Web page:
THE MARKET ENVIRONMENT
Similar to the year 2016, 2020 was a year of extremes driven by exogenous factors ranging from the Covid-19 pandemic to Brexit negotiations with elections in between. Most recently, markets reacted favorably to events in the fourth quarter, particularly the approval and emergency use authorization of multiple vaccines aimed at preventing the spread of Covid-19.
Meanwhile, the U.K. and European Union negotiated arduously in the quarter, finally accomplishing an agreement that eliminated the possibility of a hard Brexit outcome. In the U.S., the four-year presidential election cycle produced a more balanced outcome than many had expected. The market proved relieved at both the elimination of uncertainty and the lower probability of big changes. Later in the fourth quarter, President Trump signed the country’s long-debated second economic relief bill into law, sending direct payments to some individuals and families as well as further extending unemployment benefits.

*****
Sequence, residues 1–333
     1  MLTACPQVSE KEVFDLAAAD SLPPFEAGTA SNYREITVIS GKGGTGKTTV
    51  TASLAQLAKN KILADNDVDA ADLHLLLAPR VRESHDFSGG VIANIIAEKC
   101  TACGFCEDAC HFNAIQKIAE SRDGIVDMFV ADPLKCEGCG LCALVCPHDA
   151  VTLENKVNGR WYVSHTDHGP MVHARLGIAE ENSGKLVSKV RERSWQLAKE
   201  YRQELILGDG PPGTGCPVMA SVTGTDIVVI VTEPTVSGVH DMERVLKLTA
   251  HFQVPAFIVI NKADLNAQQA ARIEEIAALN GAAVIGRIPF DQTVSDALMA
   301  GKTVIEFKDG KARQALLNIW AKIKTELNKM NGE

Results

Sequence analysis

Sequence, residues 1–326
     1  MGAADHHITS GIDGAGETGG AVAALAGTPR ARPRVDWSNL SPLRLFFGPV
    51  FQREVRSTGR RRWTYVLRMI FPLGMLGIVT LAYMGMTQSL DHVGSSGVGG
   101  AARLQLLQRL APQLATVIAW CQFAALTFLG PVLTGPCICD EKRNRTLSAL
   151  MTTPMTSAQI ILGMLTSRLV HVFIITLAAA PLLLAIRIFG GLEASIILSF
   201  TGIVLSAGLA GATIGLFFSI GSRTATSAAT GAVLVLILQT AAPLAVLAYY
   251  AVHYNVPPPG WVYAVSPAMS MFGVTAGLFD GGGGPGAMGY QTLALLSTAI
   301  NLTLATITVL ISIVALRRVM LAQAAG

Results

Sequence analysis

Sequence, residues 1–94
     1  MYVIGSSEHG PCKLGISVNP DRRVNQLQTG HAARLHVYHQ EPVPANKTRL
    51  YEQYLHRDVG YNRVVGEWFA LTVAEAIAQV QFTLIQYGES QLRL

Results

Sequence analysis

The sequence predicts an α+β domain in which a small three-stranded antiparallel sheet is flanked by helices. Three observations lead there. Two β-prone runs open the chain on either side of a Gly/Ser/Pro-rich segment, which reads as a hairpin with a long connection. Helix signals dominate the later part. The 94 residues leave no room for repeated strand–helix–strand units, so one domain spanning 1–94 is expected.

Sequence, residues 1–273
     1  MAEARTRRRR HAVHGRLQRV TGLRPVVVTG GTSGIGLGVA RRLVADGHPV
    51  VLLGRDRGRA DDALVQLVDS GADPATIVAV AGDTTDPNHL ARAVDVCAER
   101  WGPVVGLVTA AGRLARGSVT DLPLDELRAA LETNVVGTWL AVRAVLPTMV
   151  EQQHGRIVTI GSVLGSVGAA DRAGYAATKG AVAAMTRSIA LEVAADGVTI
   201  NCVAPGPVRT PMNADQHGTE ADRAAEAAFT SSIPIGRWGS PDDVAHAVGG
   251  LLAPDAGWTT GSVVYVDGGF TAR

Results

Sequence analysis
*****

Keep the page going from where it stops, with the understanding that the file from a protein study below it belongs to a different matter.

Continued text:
These events propelled equity prices higher across the globe for a strong finish to a year that had earlier experienced a bear market. Ultimately, the Nikkei 225 Index soared to a 30-year high in Japan, the German DAX Index surged to a record figure, and both the Dow Jones Industrial Average and S&P 500 Index closed out the year at record levels.
This year amounted to a volatile 12 months for investors. Though traumatic and difficult to tolerate, we recognize that market instability can unearth investment opportunities for those who are patient and willing to weather the storm. In times when others chase performance or lose conviction based on news headlines and irrational reactions, we remain alert to subsequent opportunities caused by short-term investors to build positions in quality companies that are trading at large discounts to our perception of their intrinsic value. This discipline is deeply embedded in our philosophy and process.